Weight loss tip #6: Determine how many calories you need to maintain your current weight, and how many you need to reduce per day to meet your weight loss goals. Step 1: Determine your basal metabolic rate. This is how many calories your body burns just to maintain minimal life-support functions and is about 75% of all the calories you burn. The formula is simply your body weight ____ X 10= basal metabolic rate.
Now, to determine how many calories you need each day to maintain your current weight, multiply the base metabolic rate by a “lifestyle factor” based on how active you are. A note on the formula: it is just a rough estimate, females will need a few less calories (perhaps 200) than this formula indicates. Males might need 100 more. As you age, you will require fewer calories as well to maintain weight. So, use the formula to get you started, then adjust your daily caloric needs based on your results (this is where a nutrition log is important, see weight loss tip #7).
For sedentary people (office workers, people who mostly sit or drive all day) use 1.4. For moderately active people (people on their feet all day like wait staff, service industry, moderate exercise) use 1.6. For very active people (jobs with lots of physical labor, movers etc., athletes) use 1.8. If you think you are in between two of the examples, then you can split the difference.
Let’s plug some numbers in: Weight 195 pounds, office worker. 195X10 = 1950 calorie basal metabolic rate. 1950 X 1.4 = 2730. This is roughly how many calories they need to consume to stay at 195 pounds. It’s not an exact science, but should be very close and is a great starting point.
Now you can set your weight loss goals based on how many pounds you want to lose and in what time-frame. The maximum sustainable healthy weight loss level is about 2 pounds per week. In order to lose 2 pounds per week, you need to decrease your energy intake, and/or increase your energy output, by 1000 calories per day. A 500 calorie per day reduction will result in a loss of approximately one pound per week.
So, losing 40 pounds will take 20 weeks, or about 5 months at 2lbs per week. If you decrease your daily intake by 500 calories per day as well as increase your energy expenditure by an average of 500 calories per day. From our example above, to lose 2 lbs per week, they would either need to eat 1730 calories per day (2730-1000) or 2230 calories with about 500 calories worth of exercise averaged out over each day.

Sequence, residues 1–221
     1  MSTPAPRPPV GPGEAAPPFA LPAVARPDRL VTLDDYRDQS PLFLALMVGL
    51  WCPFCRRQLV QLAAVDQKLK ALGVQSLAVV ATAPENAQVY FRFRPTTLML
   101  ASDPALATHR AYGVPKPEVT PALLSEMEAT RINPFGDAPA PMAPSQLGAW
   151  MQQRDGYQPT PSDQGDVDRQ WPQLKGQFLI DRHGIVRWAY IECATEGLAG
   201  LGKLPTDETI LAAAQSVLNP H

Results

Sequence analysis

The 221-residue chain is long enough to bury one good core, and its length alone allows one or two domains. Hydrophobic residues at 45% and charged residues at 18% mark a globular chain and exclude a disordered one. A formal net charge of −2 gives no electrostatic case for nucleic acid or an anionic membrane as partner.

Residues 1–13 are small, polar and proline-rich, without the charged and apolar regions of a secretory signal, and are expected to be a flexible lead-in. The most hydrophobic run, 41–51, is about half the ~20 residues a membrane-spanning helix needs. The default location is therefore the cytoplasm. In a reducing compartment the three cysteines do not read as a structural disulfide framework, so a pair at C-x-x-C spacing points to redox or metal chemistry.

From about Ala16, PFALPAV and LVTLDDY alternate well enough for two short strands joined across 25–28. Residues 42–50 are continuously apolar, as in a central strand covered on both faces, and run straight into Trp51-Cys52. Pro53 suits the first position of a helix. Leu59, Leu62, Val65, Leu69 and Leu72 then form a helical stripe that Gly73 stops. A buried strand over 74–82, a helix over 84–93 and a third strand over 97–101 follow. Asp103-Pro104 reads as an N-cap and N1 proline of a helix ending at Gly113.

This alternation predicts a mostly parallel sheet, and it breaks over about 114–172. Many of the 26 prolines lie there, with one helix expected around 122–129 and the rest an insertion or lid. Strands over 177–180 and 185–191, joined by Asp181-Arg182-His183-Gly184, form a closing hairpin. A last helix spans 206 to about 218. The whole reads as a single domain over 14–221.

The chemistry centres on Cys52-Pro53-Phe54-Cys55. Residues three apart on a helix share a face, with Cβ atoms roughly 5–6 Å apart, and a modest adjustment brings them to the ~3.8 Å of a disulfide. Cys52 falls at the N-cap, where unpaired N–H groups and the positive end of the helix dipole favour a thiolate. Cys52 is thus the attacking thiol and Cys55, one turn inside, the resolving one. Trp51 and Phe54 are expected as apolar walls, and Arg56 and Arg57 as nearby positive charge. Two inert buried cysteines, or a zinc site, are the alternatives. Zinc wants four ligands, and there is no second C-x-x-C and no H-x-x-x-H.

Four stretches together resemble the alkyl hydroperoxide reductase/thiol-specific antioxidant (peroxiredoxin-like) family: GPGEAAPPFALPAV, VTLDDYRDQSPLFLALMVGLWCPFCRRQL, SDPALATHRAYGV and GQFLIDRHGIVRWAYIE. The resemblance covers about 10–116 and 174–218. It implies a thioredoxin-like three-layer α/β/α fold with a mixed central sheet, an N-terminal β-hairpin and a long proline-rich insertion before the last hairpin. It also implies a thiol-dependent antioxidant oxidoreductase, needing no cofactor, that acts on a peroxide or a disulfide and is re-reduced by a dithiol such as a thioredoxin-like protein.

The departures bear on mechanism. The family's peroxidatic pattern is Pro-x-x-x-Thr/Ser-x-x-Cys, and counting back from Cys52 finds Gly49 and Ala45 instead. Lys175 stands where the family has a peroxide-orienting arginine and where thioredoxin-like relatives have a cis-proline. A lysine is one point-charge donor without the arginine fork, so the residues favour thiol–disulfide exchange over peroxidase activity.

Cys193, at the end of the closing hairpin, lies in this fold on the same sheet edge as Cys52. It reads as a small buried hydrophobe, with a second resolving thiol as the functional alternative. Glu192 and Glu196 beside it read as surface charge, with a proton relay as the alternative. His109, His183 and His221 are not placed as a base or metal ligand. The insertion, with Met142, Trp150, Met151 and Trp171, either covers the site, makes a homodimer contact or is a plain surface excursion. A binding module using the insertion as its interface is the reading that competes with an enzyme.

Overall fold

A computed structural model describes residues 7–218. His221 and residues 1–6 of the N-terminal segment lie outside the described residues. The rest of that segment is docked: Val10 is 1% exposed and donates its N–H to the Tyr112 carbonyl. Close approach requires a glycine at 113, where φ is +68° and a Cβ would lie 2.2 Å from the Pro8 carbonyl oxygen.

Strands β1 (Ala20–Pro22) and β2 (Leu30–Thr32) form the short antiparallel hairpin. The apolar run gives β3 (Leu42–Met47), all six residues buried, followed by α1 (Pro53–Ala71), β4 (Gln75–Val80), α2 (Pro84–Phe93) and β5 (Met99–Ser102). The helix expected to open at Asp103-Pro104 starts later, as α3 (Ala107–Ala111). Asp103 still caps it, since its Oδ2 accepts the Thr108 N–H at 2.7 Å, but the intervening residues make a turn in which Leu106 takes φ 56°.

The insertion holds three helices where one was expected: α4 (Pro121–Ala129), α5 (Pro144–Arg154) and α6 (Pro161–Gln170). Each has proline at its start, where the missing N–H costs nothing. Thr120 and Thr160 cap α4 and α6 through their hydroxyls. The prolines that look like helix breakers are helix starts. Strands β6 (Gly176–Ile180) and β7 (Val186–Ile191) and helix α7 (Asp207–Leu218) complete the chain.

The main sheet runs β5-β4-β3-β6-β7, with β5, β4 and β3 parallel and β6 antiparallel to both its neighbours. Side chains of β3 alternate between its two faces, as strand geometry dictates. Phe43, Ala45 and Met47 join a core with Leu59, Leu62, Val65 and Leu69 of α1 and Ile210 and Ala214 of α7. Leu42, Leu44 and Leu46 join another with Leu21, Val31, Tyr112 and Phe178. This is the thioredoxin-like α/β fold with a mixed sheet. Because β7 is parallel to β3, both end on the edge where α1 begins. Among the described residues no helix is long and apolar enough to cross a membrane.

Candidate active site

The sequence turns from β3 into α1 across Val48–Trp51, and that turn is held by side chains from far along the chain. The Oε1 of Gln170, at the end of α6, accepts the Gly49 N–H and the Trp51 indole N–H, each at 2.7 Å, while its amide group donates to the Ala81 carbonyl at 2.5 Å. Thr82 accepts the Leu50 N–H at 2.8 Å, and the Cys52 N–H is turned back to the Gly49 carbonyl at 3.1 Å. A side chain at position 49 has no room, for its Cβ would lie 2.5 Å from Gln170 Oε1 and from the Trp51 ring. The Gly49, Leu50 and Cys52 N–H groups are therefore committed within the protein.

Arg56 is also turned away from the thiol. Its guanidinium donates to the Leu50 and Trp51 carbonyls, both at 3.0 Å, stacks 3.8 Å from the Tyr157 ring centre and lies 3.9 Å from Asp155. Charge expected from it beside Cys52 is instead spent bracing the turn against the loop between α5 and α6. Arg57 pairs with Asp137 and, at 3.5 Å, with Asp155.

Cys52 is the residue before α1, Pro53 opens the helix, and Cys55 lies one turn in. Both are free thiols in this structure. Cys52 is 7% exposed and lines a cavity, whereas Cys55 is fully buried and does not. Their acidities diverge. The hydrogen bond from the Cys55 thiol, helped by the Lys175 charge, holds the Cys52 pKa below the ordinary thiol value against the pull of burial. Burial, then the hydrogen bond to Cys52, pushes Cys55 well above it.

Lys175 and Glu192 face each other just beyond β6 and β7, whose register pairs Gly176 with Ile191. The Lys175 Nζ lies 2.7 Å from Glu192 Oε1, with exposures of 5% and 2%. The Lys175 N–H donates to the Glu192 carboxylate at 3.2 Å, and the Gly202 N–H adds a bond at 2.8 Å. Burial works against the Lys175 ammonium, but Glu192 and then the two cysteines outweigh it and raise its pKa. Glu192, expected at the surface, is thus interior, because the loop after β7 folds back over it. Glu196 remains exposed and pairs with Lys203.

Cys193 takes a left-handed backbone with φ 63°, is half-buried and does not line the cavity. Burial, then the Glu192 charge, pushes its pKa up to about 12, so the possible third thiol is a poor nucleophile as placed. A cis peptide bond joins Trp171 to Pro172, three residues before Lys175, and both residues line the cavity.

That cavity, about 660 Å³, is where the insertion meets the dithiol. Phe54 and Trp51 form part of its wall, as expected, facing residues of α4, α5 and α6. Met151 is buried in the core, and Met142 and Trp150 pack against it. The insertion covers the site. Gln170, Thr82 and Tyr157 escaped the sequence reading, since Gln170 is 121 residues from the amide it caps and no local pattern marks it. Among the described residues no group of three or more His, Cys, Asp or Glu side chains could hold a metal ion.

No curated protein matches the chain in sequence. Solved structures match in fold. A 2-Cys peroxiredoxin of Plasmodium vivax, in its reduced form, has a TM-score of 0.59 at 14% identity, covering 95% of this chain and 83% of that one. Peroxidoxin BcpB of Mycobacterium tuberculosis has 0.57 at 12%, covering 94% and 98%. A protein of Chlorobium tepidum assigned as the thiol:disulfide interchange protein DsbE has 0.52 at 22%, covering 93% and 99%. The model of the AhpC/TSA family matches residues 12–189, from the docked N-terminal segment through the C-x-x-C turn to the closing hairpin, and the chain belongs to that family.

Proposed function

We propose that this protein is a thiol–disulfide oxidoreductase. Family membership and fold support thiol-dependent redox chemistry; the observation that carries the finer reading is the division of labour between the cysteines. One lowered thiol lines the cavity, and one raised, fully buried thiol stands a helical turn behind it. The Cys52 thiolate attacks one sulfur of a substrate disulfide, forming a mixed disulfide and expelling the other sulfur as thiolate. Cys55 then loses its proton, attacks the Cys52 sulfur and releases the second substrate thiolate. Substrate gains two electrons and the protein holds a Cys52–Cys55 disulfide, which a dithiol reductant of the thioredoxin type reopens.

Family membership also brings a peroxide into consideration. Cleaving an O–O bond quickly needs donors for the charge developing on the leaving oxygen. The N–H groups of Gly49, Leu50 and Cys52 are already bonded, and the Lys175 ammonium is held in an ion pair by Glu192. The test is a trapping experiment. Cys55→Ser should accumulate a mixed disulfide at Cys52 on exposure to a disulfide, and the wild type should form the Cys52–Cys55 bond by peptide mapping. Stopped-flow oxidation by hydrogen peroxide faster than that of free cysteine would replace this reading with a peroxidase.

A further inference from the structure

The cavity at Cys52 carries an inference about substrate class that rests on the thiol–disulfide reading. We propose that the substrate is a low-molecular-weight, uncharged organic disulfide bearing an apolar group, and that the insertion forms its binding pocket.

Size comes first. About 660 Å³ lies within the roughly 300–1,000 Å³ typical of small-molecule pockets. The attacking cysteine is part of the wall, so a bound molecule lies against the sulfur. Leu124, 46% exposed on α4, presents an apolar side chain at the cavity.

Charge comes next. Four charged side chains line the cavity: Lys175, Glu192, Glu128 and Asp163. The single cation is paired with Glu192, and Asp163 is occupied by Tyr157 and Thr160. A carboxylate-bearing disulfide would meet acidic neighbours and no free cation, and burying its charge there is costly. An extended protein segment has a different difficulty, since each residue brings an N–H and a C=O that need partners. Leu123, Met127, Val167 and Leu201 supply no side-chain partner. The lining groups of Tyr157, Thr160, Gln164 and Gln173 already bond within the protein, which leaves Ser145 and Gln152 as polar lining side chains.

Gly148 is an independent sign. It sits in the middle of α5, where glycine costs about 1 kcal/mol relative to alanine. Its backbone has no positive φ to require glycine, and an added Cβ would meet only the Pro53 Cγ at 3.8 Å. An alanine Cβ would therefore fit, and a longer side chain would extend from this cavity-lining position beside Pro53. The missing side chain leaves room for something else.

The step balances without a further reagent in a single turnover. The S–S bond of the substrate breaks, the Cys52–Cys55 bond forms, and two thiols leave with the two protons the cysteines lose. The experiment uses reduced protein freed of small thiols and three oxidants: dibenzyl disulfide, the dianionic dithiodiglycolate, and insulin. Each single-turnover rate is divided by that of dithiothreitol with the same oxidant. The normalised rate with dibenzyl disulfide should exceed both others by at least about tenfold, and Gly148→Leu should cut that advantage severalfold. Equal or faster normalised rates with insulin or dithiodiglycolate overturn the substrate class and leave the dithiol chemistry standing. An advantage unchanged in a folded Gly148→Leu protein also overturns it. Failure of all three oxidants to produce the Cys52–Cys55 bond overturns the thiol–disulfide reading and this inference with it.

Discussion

Weight loss tip #7: Keep a food log. Write down everything you eat for 3 days (every single calorie!) then total up the calories and divide by 3 to get an average. Now that you know how many calories you are taking in, you can plan out how many you need to reduce per day in order to reach your goals.
Weight loss tip #8: Move more! This doesn’t mean you have to start some grueling exercise program. In the beginning, just look for ways to move a little more than normal. Take the stairs instead of the elevator. Walk to the store down the street, or the park instead of driving. When you do start an exercise program, start slow and easy. No more than 3 days per week in the beginning. Twenty minutes of walking 3 times per week is a great start. Or, 3 shorts workouts at the gym or at home per week. This will start to increase your caloric expenditure so you don’t have to cut quite so many calories out of your diet and still lose weight.
Like diets, most people overdo it when starting an exercise program, then burn out and quit. It’s OK to miss a few workouts, or even have a rough week and not workout at all. No reason to quit in frustration, just start up again next week.
That’s all the weight loss tips I have for ya…just remember that slow and steady wins the race. You didn’t get overweight in a short period of time…it will take some time to lose the weight as well. Make one change at a time, add to it when the previous change becomes part of your lifestyle. Stop making changes when you are happy with your results, your health and lifestyle. The good news is you can start making some small changes today that will last a lifetime and have you feeling better, being healthier and living longer.